Healthy, happy hearts

Provascin is designed to protect the cardiovascular system in a host of ways.


Q. We tend to think of heart disease as something that mainly affects the middle-aged or elderly. When does someone need to start thinking about their heart health?

Jason: It’s never too early. Ideally, we’re thinking of heart health in our late teens and early 20’s when we start to reach our full height and our growth hormones start to drop. Our body is at that second stage of life. There’s a higher state of breakdown, with a lower capacity to heal and maintain optimal status of the cells and body overall.

Practically speaking, though, most people don’t wake up until they feel themselves declining—when energy levels drop and their skin and whole body starts to show signs of aging.

It’s important to note that if you tend to be a more “high-strung” person, you are typically more susceptible to heart disease because you have higher level of stress hormones circulating throughout the body. This induces the breakdown of tissue and decreased PH levels, which cause inflammatory bursts and suppression of the immune system. Potential warning signs are you find yourself easily irritated, worrying excessively or having mood swings that are not related to hormone fluctuation. The biggest sign will be low energy!

So starting as early as possible is best, but definitely as soon as you start seeing symptoms.

Q. Is heart disease hereditary? Your father had major heart surgery. How did that change how you looked at your own heart health?

Jason: Instead of being what we would classify as genetically hereditary, it’s more familial. Different families exhibit different traits. It’s related to stress and how people process potential stressors. In my dad’s family, there was a tendency to hold things in.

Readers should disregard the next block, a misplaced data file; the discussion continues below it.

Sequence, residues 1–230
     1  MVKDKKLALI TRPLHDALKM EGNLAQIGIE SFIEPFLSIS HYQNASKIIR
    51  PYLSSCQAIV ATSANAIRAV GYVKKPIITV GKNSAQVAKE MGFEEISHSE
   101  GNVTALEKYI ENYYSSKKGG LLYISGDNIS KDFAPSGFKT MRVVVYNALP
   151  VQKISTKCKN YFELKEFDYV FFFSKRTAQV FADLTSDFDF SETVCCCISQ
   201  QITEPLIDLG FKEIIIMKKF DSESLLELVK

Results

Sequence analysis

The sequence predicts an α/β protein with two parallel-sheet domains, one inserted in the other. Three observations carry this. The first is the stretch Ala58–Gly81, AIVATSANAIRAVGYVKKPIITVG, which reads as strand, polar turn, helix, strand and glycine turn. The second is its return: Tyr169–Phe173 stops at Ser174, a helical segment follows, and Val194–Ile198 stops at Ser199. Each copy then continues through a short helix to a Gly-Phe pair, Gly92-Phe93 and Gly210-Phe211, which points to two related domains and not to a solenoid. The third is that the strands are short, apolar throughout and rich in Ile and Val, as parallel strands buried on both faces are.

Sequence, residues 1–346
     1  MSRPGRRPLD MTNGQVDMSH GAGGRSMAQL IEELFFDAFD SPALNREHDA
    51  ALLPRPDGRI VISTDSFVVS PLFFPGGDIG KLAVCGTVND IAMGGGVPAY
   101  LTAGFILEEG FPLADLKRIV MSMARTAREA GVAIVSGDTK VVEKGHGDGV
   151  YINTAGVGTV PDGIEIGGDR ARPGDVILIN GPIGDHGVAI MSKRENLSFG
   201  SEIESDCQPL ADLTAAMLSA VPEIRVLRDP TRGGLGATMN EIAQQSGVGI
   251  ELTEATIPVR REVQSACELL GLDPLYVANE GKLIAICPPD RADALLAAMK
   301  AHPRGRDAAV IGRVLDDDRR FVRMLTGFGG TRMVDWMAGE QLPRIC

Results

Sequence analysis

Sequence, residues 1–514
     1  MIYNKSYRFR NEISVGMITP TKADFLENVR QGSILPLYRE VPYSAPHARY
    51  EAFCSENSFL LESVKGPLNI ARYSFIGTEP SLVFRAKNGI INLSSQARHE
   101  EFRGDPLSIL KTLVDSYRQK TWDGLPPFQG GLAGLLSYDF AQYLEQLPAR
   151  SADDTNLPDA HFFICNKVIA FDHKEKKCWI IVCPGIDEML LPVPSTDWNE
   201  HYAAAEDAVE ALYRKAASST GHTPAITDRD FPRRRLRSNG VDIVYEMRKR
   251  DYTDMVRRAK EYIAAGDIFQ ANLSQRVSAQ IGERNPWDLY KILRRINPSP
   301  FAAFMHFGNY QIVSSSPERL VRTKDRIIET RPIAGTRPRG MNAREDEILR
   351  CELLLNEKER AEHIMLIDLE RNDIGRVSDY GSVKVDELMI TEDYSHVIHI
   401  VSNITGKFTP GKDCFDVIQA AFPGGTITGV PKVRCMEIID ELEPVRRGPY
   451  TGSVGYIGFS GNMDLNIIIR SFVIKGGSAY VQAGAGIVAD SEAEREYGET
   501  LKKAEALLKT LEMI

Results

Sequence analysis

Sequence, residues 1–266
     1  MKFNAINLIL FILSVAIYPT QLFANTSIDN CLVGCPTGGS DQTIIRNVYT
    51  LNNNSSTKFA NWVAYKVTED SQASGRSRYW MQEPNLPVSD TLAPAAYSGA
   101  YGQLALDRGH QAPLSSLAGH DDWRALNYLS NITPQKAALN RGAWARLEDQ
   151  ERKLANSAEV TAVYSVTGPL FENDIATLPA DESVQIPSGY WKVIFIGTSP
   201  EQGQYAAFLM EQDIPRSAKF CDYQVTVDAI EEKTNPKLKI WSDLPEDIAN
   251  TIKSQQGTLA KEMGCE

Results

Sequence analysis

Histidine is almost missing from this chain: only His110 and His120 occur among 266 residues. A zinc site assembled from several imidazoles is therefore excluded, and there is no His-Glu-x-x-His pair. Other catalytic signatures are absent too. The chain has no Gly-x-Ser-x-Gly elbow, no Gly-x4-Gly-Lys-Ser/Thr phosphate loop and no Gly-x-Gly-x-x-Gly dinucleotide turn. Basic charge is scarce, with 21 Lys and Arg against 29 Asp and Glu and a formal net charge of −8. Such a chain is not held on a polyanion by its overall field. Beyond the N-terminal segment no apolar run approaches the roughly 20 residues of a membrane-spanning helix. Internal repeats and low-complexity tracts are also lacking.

My uncle had a massive heart attack and died at age 42. That’s why my dad initially got tested—because there was an indication that it could be a familial problem. Sure enough, my dad had six blockages that were over 95% and they rushed him in for surgery. He had six bypasses and had a massive heart attack on the table. Given his congestive heart failure, they gave him a defibrillator and pacemaker and didn’t expect him to live past seven years. It’s now 25 years later.

Q. Was this family history the inspiration behind Provascin?

Jason: It started with my uncle dying and then my dad having his heart attack, which literally happened within just a few weeks of each other. The shock was that my uncle was in great shape! His death caused me real concern, especially given that he died so young and in such good shape. It shouldn’t have happened. I was already interested in cardiovascular health, but finding out my entire family had abnormal blood markers only increased that interest, but now on a personal level.

Q. When we refer to heart disease, what conditions are we actually talking about?